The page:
This Ricky makes an interesting point about HP Lovecraft’s popularity perhaps being buoyed by the rising tide of an America under attack by selfish liberal interests, bolstered by an ignorant populace that keeps resisting paying welfare to big business.

He/she further goes on to say that “the middle and lower classes are just not understanding that big business is right to bankrupt the country, and enslave many to debt for the needs of the coming over-lords and all this was foretold in the fiction of the messiah… LOVECRAFT!!!! You Liberal scum!! Don’t you see?!! Lovecraft loves you!!!!! HE DIED FOR YOUR SINS!!!!”

Again, I’m just reading what’s on the card people. πŸ™‚

He/She goes on to say “CTHULHU! CTHULHU! CTHULHU!” To which I say Gezuntheit!

Ahh you’ve got to love the intelligence and stability and eloquence of Lovecraft supporters. πŸ™‚

And I think that deserves our renewed attention to the article that started it all! For those who missed it the first time, read it at the link below, with love from he/she/it in Olympia, Washington! πŸ™‚

This one’s for you! πŸ™‚

MONARCHS OF MAYHEM Update! VOTE HERE!! & TOTAL RECALL trailer

Yeah I know my MONARCHS OF MAYHEM schedule for April is completely shot. I do get all the comments, even the ones that I don’t post… everyone of them. And yes, I know you want the Durham and Wrath and Fortier installments.

They are here gals and guys, along with three other writer interviews (including the great, inimitable Charles Saunders) as well as three more that I’m still waiting to come in.

So trust me Heroic Ones, I’m working hard behind the scenes here. In the words of the one true Robin Hood show (the magical tinged ROBIN OF SHERWOOD)… Nothing is forgotten. Nothing is ever forgotten.

Robin of Sherwood: Series One

So yes I remember I owe you more great MONARCHS OF MAYHEM entries, and kudos to all of you who continue to frequent the old episodes. Derrick Ferguson’s and Richard Gavin’s entries are particularly popular.

Kid’s when you go to these entries, don’t just read my admittedly excellent words :), use the links and patronize the items mentioned.

The artists will thank you, and this blog will thank you. I hate doing a donate button like other blogs and sites, I much rather you use the links, and purchase something you wanted anyhow, And by doing, with no effort or extra expense on your part, also support the artists (where applicable) and this blog.

Definitely a win/win.

So far I’ve managed to be really consistent with WEDNESDAYS WORDS and that pleases me to no end.

The numbers skyrocket (as well as people subscribing) every Wednesday because of that consistency, and I’m going to try and do the same thing with MONARCHS OF MAYHEM. So I’m putting this out for a vote, what day should MONARCHS OF MAYHEM go up… on a Monday or a Friday?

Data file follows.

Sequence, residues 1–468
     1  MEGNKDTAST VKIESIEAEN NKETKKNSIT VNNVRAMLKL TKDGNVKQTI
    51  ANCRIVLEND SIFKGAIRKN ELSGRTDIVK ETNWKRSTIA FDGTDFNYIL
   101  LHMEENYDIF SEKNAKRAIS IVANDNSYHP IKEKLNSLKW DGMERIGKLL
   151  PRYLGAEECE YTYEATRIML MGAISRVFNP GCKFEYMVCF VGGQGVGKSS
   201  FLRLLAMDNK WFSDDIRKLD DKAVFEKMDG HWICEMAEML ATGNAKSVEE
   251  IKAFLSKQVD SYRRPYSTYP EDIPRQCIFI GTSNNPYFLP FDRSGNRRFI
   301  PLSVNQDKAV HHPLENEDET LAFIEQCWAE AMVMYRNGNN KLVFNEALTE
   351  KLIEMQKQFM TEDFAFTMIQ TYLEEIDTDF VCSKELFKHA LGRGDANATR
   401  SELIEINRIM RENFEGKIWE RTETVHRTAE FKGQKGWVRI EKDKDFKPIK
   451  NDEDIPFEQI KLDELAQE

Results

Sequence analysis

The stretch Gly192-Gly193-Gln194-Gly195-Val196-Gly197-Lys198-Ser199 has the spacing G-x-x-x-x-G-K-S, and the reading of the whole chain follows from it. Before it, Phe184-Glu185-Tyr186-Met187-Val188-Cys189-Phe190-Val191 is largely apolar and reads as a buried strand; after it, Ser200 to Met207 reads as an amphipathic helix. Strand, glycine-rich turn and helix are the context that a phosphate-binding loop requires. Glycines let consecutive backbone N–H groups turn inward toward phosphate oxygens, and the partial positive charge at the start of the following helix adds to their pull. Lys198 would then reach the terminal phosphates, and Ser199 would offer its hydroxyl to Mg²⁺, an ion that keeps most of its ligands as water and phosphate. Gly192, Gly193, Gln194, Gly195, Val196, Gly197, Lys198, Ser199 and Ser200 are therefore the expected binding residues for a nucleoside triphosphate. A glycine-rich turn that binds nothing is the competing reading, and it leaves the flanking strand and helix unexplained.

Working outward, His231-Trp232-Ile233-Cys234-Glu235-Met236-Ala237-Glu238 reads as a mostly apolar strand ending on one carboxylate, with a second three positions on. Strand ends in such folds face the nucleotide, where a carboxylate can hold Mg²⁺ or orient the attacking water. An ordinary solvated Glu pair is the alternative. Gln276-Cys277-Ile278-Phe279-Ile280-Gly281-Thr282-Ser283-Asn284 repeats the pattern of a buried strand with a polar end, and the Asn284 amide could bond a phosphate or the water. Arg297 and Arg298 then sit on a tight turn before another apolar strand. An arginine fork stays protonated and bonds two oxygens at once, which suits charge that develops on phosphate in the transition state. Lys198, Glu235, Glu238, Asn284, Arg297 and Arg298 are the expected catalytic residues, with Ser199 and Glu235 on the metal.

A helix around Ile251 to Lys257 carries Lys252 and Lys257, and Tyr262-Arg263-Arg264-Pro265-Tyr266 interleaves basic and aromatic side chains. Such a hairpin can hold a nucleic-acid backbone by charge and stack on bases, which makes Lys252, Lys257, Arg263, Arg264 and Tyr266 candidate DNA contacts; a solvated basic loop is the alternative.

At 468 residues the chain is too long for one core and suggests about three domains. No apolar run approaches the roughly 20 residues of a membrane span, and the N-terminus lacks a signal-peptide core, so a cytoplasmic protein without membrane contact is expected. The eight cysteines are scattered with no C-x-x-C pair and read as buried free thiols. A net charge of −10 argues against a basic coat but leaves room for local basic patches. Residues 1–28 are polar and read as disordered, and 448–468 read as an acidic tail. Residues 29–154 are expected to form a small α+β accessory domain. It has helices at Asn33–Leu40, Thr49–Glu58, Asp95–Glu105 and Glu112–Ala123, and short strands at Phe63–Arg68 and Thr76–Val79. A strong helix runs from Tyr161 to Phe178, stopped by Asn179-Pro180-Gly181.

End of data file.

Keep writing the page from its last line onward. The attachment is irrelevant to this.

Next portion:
Leave your comments they’ll come right to me, without getting posted unless you specifically mention you want your comment posted. thanks! The day that gets the most votes… will be the day. πŸ™‚

As always pat yourselves on the back for being just great supporters of this blog, and of something more, great supporters of this fancy that we call Art.

Oh, and before I duck out, a word on TOTAL RECALL….

First, I think the poster for the TOTAL RECALL film, like most posters these days is boring and unimaginative. Posters in the 21st century being either a close up of the actors face, or a profile shot, generally they are just insipid and boring.

The marketing guys who come up with today’s lazy, poorly photo-shopped posters should be fired. There was a time, not too long ago, when posters were works of art as well as being an ad for the film. These days more often then not they are just boring and bankrupt of any allure. So yeah, poster of TOTAL RECALL gets a huge… fail.

However, that TOTAL RECALL trailer…. AWESOME!!

Okay I was never a huge fan of the original TOTAL RECALL, though I liked it well enough. I saw it when it first came out, in a theater in Garmish, Germany. Garmish is wonderful, southern Bavarian tourist town, and made all the more wonderful when you’re young and in love. And at the time I was both. Yeah, me young, go figure.

But yeah, the original was an enjoyable enough movie. Nothing great, but definitely fun. But the concept of a remake seemed… silly and uninspired.

And perhaps the idea is still that, but I have to tell you… that trailer looks GREAT!. If the movie lives up to the trailer, it is (Mars or no Mars) going to be better than the original.

I mean I’m not a Colin Farrell fan, but I did quite enjoy the one film I saw of this movie’s director, Len Wiseman, his DIE HARD: LIVE FREE OR DIE. I mean honestly that’s a sequel that you can argue is just as good, and perhaps even better than the original.

I think Len Wiseman has the chops to make his TOTAL RECALL a better film than the original. That’s right, you heard it here first. πŸ™‚

For those who haven’t seen the trailer view it here.

Okay, now I’m out of here.

This installment is brought to you by this week’s sponsor. please visit his store here:

STORE OF THE DAY

EVERYONE OF YOU who enjoyed this post (yes I’m talking to you hiding in the corner) go to the store and buy something.

Also, If you’re interested in sponsoring future posts please leave a comment with your contact info. It doesn’t get posted, it comes direct to me, and I’ll respond to you.

New sponsors are always needed. πŸ™‚ .

Okay, now I’m really out of here! Bye till next time.

Writers Face Off: Robert E. Howard vs. H.P. Lovecraft! May the Least Racist Writer stand up! :)

I recently purchased THE SAVAGE TALES OF SOLOMON KANE from Del Rey Books and with spot illustrations by Gary Gianni.

So I’m going through the book, and I’m moving pretty capably along.

There are the random slurs and stereotypes, but pretty much they are few and far between and they don’t get in the way of the story…

Until I hit THE MOON OF SKULLS.

Game over man. Game effing over.